Bush makes much of his desire to not only change the law, but institute a so-called "culture of life" founded on Biblical values. To give just one telling example of these values, the creation tale of the Bible blames women for the "original sin" that caused the "fall of man." This is why, we are told, women endure pain during childbirth and this also supposedly justifies the subjugation of women by men and their treatment as objects of slavery and sexual plunder, which goes on with God’s approval and indeed at his behest throughout the Old Testament. This same "original sin" is upheld in the Christian New Testament in 1 Timothy 2:11-15, where Paul reiterates that the subordination of women to men is "God’s will" and says that a woman can redeem herself for Eve’s supposed transgression only "through her child-bearing," and he even says that women should not dare to "teach men" but must "learn in quietness with all subjection." [From the American Standard version of the Bible; for more on this, go to and his talks on religion.]

The core social base of the Bush regime insists that these archaic and reactionary views be made the basis of law. And these fanatics not only intend to fully outlaw abortion in every case, but to take revenge on those who may have had or performed an abortion. The president of March for Life, which organized the triumphant January 23 rally celebrating the nomination of Alito to the Court, predicted to the crowd "that the United States would hold the equivalent of Nuremburg trials for ‘feminist abortionists,’" and called "support [!] for a woman’s right to choose ‘crimes against humanity.’" Her words, according this New York Times account, "were met with strong applause."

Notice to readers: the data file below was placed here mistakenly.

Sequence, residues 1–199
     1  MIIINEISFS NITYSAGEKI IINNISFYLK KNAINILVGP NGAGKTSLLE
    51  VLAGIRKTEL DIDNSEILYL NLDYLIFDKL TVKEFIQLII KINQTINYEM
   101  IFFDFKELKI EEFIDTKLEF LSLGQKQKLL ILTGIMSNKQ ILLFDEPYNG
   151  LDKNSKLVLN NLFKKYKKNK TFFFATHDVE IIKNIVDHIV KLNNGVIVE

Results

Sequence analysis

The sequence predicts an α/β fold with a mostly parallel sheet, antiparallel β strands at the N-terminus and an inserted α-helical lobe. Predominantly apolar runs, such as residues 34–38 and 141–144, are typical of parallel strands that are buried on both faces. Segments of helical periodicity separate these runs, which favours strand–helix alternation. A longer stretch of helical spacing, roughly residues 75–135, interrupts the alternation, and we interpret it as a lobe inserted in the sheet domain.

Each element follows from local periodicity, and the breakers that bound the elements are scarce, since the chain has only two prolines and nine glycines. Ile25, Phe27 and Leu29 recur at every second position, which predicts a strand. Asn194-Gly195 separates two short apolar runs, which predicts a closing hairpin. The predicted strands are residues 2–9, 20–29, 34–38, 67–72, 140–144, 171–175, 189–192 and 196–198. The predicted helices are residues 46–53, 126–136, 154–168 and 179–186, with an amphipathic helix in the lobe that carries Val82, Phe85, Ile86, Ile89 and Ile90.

Please note that the chief defendants at the World War II war crimes trials at Nuremburg were executed. Note as well that the assassination of abortion providers has already been called for by elements of this movement under the rubric of Nuremberg, and that several providers have been outright murdered, others severely wounded and many more living under daily death threats.

This is the future represented by Alito’s elevation. This is the future being pushed by the current regime, with the full power of the state, every day. This is not a future that we can accept; nor is there any "common ground" to be found with those fighting for it. This is a future we must resist. Now.

Next week: The All-powerful President: Torturer-in-Chief

Alito became known during these hearings as a champion of the doctrine called the "unitary executive." This doctrine elevates the executive branch above the other two branches of government and, as interpreted by Alito and those in the Bush Administration, it enables the president to act without any legal restraint.